Grammar. Our lecturer recently recommended Grammar Boost to me, which looks really useful, composed of bite-sized sections each devoted to a particular grammatical issue (e.g. measure words), containing explanation and instructive examples. Additionally, I found A Grammar of Mandarin, by Jeroen Wiedenhof (John Benjamins 2015). This book might not suit everyone -- it's not meant to teach you to read or speak -- but it's great if you want to learn about the structure of modern Mandarin in a way that does not presuppose much knowledge of the language (e.g., most example sentences use simple vocabulary). Written for linguists as much as language learners, the book is based on Pinyin, avoiding Chinese characters where possible, except one chapter devoted entirely to them. It's easy to find relevant information (e.g., what does the particle "le" mean?).

MDBG net. The web pages of MDBG are a powerful free source of information about Mandarin. For example, it lets you draw a Chinese character which it will recognise if you've drawn it well enough. Once the character has been recognised, the page links to a wealth of information about the character, such as its sound, it stroke order, its components, and a list of characters that have the original character as a component. You can copy and paste the character into a document if you want. MDBG Net contains a dictionary as well, and much more of which I have no inkling yet.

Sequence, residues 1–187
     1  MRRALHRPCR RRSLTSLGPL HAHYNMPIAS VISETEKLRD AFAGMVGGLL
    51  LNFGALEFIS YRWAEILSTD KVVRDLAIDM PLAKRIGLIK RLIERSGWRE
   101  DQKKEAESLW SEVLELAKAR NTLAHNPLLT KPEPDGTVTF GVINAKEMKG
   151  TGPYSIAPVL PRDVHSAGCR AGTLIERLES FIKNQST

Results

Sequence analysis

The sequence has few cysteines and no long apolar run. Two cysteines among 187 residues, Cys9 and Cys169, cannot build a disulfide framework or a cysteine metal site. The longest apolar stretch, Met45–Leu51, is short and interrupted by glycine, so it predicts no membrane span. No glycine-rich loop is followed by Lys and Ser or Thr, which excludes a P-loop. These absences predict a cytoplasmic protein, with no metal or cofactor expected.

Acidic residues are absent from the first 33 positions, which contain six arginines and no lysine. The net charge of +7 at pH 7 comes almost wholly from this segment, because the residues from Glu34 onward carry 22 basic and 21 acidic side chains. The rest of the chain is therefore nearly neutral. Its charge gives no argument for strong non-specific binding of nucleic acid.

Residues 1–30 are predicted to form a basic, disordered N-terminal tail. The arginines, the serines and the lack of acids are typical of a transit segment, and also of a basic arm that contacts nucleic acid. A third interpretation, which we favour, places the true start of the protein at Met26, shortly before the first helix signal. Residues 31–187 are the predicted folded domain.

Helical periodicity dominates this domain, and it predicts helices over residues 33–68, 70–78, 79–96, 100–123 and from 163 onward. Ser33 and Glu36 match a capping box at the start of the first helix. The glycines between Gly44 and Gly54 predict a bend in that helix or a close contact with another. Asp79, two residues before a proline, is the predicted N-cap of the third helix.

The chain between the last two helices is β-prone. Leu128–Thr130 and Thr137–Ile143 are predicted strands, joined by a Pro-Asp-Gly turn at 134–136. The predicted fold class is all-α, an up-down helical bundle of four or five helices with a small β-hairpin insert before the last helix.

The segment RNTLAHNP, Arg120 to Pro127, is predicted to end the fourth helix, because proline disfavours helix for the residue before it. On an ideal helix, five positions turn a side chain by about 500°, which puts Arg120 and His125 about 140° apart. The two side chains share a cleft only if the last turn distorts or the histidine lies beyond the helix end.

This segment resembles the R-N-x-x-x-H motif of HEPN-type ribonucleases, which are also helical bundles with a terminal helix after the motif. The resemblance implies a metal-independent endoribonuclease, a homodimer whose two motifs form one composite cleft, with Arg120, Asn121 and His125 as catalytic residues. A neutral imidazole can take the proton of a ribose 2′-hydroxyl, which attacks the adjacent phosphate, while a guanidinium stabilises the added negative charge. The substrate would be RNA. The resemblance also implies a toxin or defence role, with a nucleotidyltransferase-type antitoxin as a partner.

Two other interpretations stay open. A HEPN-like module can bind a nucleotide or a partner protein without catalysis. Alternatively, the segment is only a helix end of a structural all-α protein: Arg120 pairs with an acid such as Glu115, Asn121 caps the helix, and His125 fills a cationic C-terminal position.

Understanding Chinese characters. Our Mandarin teacher recently recommended ShaoLan's ChinEasy pages to us as a way to get started with Chinese characters. ShaoLan's explanations are playful, using colourful drawings to help you "see" what each character depicts; her focus is on creating a lively image that helps the learner. A book about the origins of many of the characters (as inferred from oracle bones and ancient bronzes) is Cecilia Lindqvist's delightful China: The Empire of the Written Symbol (Harvill Press 1992), which emphasises culture and history as much as language.